MEGA-LOAM-ANIA - i"m gonna have the best lawn ever when I put down all this great soil

MEDALOMANIA - an irrational drive to attain Eagle Scout

MEGALOMANGIA - a feast for the Emperor of Rome
Posted By: may2point0 Creative spelling license - 05/14/18 07:09 PM
Smegalomania- excessive enthusiasm for the ring
Regalomania- excessively entertaining or entertained


PRONUNCIATION: (lep-tuh-DUHR-muhs)

MEANING: adjective: Having a thin skin.

ETYMOLOGY: From Greek lepto- (thin) + -dermous (skin). Earliest documented use: 1888. The opposite is pachydermous.

LEAPTODERMOUS - jumping out of one's own skin

LEPTODERMOUSE - Mickey, you've lost weight!

SLEPT-ODER-MOUS - snoozing small rodent on the river
'leptodormous- a sleep talker ("Of course, of course; just what I was going to remark myself.")
Posted By: wofahulicodoc re: 'dormous - 05/16/18 05:33 PM

Just as long as he doesn't charge us 10/6 for that...



MEANING: adjective: Causing or produced by decay.

ETYMOLOGY: From Greek sapro- (rotten) + -genic (producing). Earliest documented use: 1876.

SAPOROGENIC - giving rise to a Japanese Winter Olympics site

SAPROENIC - causing wine to turn to vinegar

'SPROGENIC - 's not antigenic (so it doesn't stimulate allergies)
'sprogenic- in support of aphaeresis

(even though I had an adverse stem cell reaction)
Originally Posted by wofahulicodoc

Just as long as he doesn't charge us 10/6 for that...




MEANING: adjective: Able to survive outside a host (as some bacteria and other parasites do).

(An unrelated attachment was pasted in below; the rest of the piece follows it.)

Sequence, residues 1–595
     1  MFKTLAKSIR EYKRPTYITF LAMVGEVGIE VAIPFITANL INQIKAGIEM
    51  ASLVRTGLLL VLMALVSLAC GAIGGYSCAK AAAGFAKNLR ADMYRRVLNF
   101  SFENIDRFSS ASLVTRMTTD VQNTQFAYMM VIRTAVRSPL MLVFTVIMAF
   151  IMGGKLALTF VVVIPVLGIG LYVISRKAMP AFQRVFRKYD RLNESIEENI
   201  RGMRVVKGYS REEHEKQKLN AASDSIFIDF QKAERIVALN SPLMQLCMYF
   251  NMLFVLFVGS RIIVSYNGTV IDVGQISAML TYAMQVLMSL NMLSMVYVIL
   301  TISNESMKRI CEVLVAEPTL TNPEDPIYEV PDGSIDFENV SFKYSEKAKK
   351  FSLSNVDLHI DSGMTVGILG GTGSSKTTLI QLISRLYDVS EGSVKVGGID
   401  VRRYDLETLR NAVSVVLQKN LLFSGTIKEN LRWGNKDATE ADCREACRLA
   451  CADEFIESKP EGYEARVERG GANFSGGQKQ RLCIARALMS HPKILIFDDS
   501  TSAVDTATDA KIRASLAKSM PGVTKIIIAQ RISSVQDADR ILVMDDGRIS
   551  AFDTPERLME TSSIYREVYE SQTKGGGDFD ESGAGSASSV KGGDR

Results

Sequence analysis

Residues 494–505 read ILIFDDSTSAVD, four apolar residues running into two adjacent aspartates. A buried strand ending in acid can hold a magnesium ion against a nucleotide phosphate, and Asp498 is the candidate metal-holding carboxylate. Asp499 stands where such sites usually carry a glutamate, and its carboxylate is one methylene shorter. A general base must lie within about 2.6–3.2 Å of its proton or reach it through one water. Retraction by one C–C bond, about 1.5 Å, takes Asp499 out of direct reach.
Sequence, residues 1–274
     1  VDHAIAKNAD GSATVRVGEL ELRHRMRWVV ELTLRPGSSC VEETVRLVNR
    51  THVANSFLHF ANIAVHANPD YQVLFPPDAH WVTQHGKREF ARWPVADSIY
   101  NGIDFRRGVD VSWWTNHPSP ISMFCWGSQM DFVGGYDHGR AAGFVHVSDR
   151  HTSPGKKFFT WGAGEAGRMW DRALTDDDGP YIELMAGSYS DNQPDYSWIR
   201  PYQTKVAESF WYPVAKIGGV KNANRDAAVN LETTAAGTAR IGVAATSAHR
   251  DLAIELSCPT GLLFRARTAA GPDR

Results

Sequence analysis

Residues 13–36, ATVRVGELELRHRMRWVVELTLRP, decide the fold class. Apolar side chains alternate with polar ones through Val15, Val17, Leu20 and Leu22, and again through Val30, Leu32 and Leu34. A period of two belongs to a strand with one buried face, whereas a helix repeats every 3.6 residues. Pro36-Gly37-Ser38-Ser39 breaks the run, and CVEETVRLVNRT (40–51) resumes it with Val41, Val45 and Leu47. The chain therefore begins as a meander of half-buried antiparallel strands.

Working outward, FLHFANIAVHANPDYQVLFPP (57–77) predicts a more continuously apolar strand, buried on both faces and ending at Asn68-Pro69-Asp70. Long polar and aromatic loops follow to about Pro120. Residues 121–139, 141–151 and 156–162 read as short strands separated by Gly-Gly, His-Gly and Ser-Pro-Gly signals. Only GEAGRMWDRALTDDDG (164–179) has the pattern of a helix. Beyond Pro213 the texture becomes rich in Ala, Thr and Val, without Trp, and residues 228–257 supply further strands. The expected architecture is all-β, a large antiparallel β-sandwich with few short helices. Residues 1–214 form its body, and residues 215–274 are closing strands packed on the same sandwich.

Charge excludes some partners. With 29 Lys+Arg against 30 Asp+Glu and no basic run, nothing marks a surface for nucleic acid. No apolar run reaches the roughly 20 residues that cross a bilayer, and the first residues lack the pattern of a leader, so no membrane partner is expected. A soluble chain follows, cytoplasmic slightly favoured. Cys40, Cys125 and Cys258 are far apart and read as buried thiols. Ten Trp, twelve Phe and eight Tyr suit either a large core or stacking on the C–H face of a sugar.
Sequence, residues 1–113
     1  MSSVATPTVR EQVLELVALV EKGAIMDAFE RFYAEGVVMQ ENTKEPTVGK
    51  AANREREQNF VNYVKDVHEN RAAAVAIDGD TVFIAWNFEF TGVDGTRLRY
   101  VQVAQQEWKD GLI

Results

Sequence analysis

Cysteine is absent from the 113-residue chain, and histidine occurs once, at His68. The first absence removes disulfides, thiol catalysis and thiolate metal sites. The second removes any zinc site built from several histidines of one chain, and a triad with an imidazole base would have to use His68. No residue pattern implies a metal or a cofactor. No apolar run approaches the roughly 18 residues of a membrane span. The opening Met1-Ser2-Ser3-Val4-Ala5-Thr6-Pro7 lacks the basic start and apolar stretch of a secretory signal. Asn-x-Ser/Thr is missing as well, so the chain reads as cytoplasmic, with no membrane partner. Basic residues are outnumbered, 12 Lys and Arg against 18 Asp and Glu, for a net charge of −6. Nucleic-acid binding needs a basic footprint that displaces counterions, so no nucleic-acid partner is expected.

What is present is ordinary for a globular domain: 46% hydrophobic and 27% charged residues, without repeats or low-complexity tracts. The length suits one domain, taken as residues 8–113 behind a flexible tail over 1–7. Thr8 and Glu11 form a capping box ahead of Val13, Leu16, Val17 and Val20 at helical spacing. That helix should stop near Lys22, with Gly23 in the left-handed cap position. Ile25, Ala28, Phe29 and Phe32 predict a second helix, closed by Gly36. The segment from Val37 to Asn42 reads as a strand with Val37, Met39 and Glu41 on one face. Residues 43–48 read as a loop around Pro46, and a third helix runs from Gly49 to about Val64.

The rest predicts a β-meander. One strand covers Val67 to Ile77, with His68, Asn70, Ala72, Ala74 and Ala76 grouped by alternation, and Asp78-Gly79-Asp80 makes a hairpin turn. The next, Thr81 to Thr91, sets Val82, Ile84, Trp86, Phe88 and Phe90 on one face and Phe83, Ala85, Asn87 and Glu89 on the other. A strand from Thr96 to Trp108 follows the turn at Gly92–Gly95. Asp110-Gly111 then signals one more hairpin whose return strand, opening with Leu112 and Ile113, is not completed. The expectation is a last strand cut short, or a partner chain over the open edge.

ETYMOLOGY: From Greek ecto- (outside) + -genous (producing). Earliest documented use: 1883.

ECTOGENROUS - sharing one's wealth with the outside environment (see also ECOGENROUS)

ECTOGELOUS - with an external coating of Jell-O

PECTOGENOUS - for enlarging the female bust


PRONUNCIATION: (kahr-si-nuh-JEN-ik)

MEANING: adjective: Capable of causing cancer.

ETYMOLOGY: From Greek carcino- (cancer) + -genic (producing). Earliest documented use: 1916.

CALCINOGENIC- producing calcium deposits

CHARCINOGENIC - why you shouldn't eat VERY-very-well-done beef

CARCINOGENIE - See, this crab found an old lamp on the beach, and rubbed it, and...
Posted By: wofahulicodoc HOBBESMAN - Calvin - 05/21/18 02:11 PM



MEANING: adjective:
1. Of or relating to Thomas Hobbes or his ideas.
2. Grim, selfish, unrestrained, etc.

ETYMOLOGY: After English philosopher and author Thomas Hobbes (1588-1679), who in his book Leviathan displayed a grim, dog-eat-dog view of human nature. Earliest documented use: 1776.

HOBBESICAN - Calvin's declaration of quiet confidence

HOBOESIAN - like a vagrant

HOBBLESIAN - limping
Posted By: wofahulicodoc my French is strained - 05/22/18 03:00 PM


PRONUNCIATION: (mar-uh-VO-dazh)

1. Affected writing style.
2. Banter, especially of flirtatious nature.

ETYMOLOGY: After the French novelist Pierre de Marivaux (1688-1763), known for the verbal preciousness of his romantic comedies. Earliest documented use: 1765.